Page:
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Well, it's a start

Thanks to Jack Schaffer, New York Times columnist Nicholas D. Kristof's was finally forced to issue a correction, of sorts, to his infamous May 6, 2003 column which laid out the whole Joe Wilson/Niger/uranium narrative as we know it today.

As others and myself have tirelessly pointed out, the narrative as presented by Kristof is fraught with error. Now Kristof himself has had to (grudgingly) admit as much... if you know where and how to find his correction. The whole process resembled oral surgery, and Kristof and/or the Times seems to be going out of their way to avoid having anyone actually, you know, see the correction, half-assed and grudging as it is. Fortunately, Mickey Kaus and Tom Maguire are on the case.

Progress. Baby steps.

Comments

Bull. Kristof was right:

From his correction:


"...The better objection is that the references to the documents themselves make it sound as if the envoy may have had the documents in possession, while in fact he didnít.

The U.S. didnít obtain the documents themselves until the fall of that year.

But we did then have the information in them, including the full text and the names of the ministers who signed the contracts.

And Wilson was briefed on the details of the contracts in his meeting with C.I.A. and State Department experts on Feb. 19, 2003.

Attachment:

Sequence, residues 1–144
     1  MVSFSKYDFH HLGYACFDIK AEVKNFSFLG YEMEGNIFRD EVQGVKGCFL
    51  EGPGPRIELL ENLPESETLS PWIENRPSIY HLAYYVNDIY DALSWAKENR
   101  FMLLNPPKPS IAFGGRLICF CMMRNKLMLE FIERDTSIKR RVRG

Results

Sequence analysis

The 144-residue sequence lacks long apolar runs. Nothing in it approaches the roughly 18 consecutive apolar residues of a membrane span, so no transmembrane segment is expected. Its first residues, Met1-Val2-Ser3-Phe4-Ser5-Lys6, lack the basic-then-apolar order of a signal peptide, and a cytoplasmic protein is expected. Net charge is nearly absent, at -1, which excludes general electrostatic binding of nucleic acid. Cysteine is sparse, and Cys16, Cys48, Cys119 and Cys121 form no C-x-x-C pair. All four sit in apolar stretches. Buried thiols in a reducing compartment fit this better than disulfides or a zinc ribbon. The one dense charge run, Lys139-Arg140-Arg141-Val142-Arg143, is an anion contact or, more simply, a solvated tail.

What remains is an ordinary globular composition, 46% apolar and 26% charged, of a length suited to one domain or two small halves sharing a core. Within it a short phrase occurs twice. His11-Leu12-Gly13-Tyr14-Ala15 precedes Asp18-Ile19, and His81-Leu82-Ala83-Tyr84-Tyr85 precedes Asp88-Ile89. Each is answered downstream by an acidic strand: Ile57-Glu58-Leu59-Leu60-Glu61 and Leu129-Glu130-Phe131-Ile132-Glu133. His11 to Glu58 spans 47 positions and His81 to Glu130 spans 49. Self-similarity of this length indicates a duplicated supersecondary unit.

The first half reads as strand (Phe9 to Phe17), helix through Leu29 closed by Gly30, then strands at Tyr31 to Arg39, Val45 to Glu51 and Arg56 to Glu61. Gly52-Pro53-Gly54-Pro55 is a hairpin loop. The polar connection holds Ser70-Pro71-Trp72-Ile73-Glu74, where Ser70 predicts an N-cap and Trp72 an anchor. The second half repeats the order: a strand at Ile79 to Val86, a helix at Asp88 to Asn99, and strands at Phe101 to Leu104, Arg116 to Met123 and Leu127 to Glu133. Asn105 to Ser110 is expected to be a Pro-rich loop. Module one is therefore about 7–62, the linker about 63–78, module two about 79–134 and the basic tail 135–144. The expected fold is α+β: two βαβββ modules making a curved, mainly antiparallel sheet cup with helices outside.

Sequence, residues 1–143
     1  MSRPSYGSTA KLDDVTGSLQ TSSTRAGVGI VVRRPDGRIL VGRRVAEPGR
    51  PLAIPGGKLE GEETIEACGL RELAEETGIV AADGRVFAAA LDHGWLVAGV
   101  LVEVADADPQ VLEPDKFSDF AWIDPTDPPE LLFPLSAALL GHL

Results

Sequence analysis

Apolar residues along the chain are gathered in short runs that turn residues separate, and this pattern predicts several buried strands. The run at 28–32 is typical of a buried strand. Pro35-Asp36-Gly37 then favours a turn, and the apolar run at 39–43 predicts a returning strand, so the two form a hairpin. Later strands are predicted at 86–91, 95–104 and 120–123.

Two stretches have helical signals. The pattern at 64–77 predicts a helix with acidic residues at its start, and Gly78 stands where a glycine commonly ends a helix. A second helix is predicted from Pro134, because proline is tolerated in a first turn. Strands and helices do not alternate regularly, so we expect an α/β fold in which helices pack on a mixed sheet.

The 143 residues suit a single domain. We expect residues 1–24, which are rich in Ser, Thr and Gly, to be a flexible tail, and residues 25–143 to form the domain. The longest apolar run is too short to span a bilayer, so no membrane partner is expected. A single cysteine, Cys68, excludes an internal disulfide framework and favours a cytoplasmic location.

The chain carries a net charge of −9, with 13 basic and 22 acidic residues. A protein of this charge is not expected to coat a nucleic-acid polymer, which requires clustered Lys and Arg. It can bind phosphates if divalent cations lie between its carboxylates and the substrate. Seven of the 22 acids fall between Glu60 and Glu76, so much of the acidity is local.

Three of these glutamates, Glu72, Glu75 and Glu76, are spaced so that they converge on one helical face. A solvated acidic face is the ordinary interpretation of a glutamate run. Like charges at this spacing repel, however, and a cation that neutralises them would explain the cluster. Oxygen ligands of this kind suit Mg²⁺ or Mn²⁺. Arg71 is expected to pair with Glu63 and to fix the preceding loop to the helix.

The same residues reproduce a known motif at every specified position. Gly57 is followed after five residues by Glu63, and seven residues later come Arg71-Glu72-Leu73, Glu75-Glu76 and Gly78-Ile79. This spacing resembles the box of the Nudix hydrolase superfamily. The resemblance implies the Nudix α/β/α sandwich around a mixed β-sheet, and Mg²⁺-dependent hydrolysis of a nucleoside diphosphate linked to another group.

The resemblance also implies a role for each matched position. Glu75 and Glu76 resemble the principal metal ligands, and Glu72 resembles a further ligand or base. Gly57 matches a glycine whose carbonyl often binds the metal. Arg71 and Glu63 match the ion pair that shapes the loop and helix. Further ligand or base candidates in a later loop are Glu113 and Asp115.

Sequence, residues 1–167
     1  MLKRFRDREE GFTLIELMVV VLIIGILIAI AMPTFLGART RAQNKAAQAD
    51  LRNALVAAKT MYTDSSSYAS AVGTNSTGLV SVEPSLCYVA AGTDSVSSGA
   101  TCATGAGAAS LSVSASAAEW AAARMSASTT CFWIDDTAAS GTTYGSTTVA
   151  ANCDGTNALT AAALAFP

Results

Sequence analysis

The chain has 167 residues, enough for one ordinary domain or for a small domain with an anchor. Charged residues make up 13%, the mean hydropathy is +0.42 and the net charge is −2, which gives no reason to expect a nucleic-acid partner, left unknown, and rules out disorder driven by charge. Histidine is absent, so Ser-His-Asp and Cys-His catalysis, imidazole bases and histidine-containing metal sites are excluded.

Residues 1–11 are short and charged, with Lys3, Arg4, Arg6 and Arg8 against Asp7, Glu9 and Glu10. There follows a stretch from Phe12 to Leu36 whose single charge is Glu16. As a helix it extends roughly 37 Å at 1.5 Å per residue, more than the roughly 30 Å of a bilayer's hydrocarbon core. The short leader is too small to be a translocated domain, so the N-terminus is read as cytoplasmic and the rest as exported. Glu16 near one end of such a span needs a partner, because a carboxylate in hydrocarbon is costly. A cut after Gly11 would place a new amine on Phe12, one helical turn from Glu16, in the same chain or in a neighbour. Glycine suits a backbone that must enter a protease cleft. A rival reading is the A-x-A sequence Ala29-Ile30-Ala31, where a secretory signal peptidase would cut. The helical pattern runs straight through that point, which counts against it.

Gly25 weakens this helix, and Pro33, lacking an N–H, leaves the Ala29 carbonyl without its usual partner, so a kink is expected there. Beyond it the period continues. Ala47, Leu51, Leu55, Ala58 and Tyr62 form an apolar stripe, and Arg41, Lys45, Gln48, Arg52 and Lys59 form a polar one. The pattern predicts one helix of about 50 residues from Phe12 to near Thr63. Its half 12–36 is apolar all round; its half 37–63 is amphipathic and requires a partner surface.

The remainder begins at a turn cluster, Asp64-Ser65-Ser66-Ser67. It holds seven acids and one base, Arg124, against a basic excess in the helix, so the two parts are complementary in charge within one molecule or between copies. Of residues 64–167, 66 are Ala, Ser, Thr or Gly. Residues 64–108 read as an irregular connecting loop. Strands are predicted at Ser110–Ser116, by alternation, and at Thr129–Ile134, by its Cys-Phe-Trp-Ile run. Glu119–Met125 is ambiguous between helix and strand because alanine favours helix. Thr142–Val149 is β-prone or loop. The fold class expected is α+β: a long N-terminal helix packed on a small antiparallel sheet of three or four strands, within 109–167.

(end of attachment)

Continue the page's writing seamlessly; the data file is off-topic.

As the Senate Intelligence Committee report says: "The INR analyst's meeting notes and electronic mail (e-mail) from other participants indicate that INR explained its skepticism that the alleged uranium contract could possibly be carried out....The INR analyst's notes also indicate that specific details of the classified report on the Iraq-Niger uranium deal were discussed at the meeting, as well as whether analysts believed it was plausible that Niger would be capable of delivering such a large quantity of uranium to Iraq."

So could Wilson have debunked documents that he hadn't seen? Well, yes.

If he knew details of the contract and reported back that it was implausible, sure.

Did he? By the spring of 2003, the problems in the signatures of the documents had been pointed out, but I don't see much evidence that they had been noted in 2002 by Wilson or anybody else.

Rather, the debunking of the contract was based mostly on the implausibility of obtaining uranium in Niger because of the way the industry was structured..."

What part of this do you guys not understand? Or are you dead-enders going to keep hanging on to the "Wilson lied" matra forever?

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